The biggest problem most insulin users face is the risk of their blood glucose going too low for up to two days after they exercise. Given that there are no clear recommendations about the best time to exercise with diabetes, a recent study published in the Journal of Diabetes Science and Technology early in 2015 tackled this issue head-on.
The study compared blood glucose levels and the number of lows during and following moderate exercise for 36 hours. A total of 35 adults with type 1 diabetes using insulin pumps undertook 60 minutes of moderate exercise on a treadmill at 7 AM (pre-breakfast) and 4 PM (pre-dinner) on different days. During exercise their insulin pumps were turned off completely and then restarted 45 minutes after they stopped working out. How frequently they developed hypoglycemia (defined as glucose values < 70 mg/dl, or3.9 mmol/l) for up to 36 hours post-workout was monitored using both a continuous glucose monitor (CGM) and normal fingerstick tests.
What do you think they found out? Figure 1 shows when the hypoglycemic events happened. Overall, hypos occurred significantly less often following 7 AM exercise compared to 4 PM (5.6 vs. 10.7 hypos per person). This is not a new finding, however, as other studies done previously in both type 1 and type 2 exercisers have found that you’re more likely to get low from exercise done later in the day.
What was Interesting about this study was that most of the lows occurred 15 to 24 hours after exercise, regardless of the exercise timing, and over half of the adults in the study had at least one low in 36 hours. On days following morning exercise, there were 20% more CGM readings between 70 and 200 mg/dL (3.9 and 11.1 mmol/l) than on the day before they exercised in the morning, meaning that doing pre-breakfast exercise kept their blood glucose levels in a more normal range and improved their overall control, all with a lower risk of hypos.
Details about the 7 AM, pre-breakfast exercise: Participants had 180 lows after the morning sessions (5.6 per participant during 36 hours), with most occurring 15 to 24 hours after the sessions (between 10 PM and 7 AM—just when you don’t want to go low!). When people exercised before breakfast, no one got low during or immediately after the exercise.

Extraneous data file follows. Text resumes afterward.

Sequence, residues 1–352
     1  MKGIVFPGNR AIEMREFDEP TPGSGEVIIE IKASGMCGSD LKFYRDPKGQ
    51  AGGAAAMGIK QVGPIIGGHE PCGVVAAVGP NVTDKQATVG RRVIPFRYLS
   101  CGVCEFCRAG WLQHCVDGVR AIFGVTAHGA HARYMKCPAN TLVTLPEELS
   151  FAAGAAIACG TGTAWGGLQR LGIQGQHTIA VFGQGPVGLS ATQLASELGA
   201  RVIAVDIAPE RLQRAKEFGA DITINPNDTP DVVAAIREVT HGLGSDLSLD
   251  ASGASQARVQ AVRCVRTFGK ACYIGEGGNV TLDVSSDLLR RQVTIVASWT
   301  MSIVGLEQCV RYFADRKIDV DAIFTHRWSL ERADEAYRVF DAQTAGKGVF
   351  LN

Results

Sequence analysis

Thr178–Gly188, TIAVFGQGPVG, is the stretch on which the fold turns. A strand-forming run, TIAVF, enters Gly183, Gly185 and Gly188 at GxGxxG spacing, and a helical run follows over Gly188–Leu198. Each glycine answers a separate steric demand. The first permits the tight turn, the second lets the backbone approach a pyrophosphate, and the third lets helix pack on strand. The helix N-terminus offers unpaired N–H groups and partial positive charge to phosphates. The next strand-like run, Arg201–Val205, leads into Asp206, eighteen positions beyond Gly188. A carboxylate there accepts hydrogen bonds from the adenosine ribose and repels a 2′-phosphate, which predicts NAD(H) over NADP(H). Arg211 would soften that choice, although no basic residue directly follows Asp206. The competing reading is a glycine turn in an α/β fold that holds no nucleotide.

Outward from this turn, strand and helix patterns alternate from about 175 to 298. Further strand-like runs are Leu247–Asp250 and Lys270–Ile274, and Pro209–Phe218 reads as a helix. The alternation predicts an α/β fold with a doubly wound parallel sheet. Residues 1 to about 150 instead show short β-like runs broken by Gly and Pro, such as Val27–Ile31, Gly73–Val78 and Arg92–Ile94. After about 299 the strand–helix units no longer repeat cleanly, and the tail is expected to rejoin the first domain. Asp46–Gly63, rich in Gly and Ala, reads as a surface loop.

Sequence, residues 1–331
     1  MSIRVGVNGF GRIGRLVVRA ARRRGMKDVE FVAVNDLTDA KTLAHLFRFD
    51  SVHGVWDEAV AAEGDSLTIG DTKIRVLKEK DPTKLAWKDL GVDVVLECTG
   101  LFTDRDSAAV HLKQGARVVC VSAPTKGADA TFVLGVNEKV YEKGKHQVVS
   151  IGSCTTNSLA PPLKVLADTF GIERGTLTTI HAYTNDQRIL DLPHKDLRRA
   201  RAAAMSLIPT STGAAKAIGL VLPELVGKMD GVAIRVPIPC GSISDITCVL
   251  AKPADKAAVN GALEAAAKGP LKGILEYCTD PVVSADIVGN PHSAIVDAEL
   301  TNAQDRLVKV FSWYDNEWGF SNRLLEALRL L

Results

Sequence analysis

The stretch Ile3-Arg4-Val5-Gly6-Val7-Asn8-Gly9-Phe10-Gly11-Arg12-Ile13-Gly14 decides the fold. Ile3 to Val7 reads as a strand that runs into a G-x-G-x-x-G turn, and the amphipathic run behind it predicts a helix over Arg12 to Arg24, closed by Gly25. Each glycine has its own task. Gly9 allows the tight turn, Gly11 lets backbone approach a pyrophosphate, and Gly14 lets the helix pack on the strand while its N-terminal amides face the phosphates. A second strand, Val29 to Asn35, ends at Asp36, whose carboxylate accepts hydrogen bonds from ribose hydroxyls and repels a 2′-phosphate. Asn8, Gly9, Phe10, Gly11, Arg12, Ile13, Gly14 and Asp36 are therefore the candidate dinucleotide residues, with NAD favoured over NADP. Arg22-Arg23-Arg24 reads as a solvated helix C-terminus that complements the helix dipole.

Details about the 4 PM, late afternoon exercise: They had 322 hypos after the afternoon sessions (10.7 per participant during 36 hours), with most occurring 15 to 21 hours after exercise, which in this case was between 7 AM to noon. Six people got low during the exercise itself (compared to none during AM exercise).
Not surprisingly, this study reported fewer hypos when insulin users exercise at 7 AM, prior to breakfast and morning rapid-acting insulin. At that time of day, levels of the hormone cortisol are higher, which lowers insulin action and keeps blood glucose levels from dropping, and circulating insulin is lower as well (prior to any insulin taken for breakfast). The afternoon exercise was done at 4 PM, which was four hours after lunch and use of rapid-acting insulin, but the “tail” of any insulin taken during the day may still lead to higher insulin levels overall in the afternoon compared to in the morning.
So, when should you exercise? I still say that the best time to exercise is when you have the time to do it on any given day. However, if you exercise later in the day, you may have to eat more or take less insulin to prevent later-onset hypoglycemia.
One more thing to keep in mind, though, is that this study only tested moderate activity. If you work out harder, your blood glucose is more likely to rise during the activity, which may result in hyperglycemia instead of hypos. In that case, doing intense afternoon activity may be preferable!
If you’re a die-hard morning exerciser but get frustrated with the rise in glucose that comes with it, you can also get around that by simply “breaking” your fast before you exercise, or making your 7 AM bout of activity after you eat something instead of before. If you have type 1, you’ll have to take a small amount of insulin (albeit much less than normal) to cover it, and if you have type 2, your pancreas should release what you need to lower the insulin resistance associated with early mornings. You don’t have to eat a full breakfast to make this work. So, you still have lots of options, but all come with their own issues that you’ll have to figure out to prevent exercise-induced lows.
Gomez, A. M., C. Gomez, P. Aschner, A. Veloza, O. Munoz, C. Rubio & S. Vallejo (2015) Effects of Performing Morning Versus Afternoon Exercise on Glycemic Control and Hypoglycemia Frequency in Type 1 Diabetes Patients on Sensor-Augmented Insulin Pump Therapy. J Diabetes Sci Technol.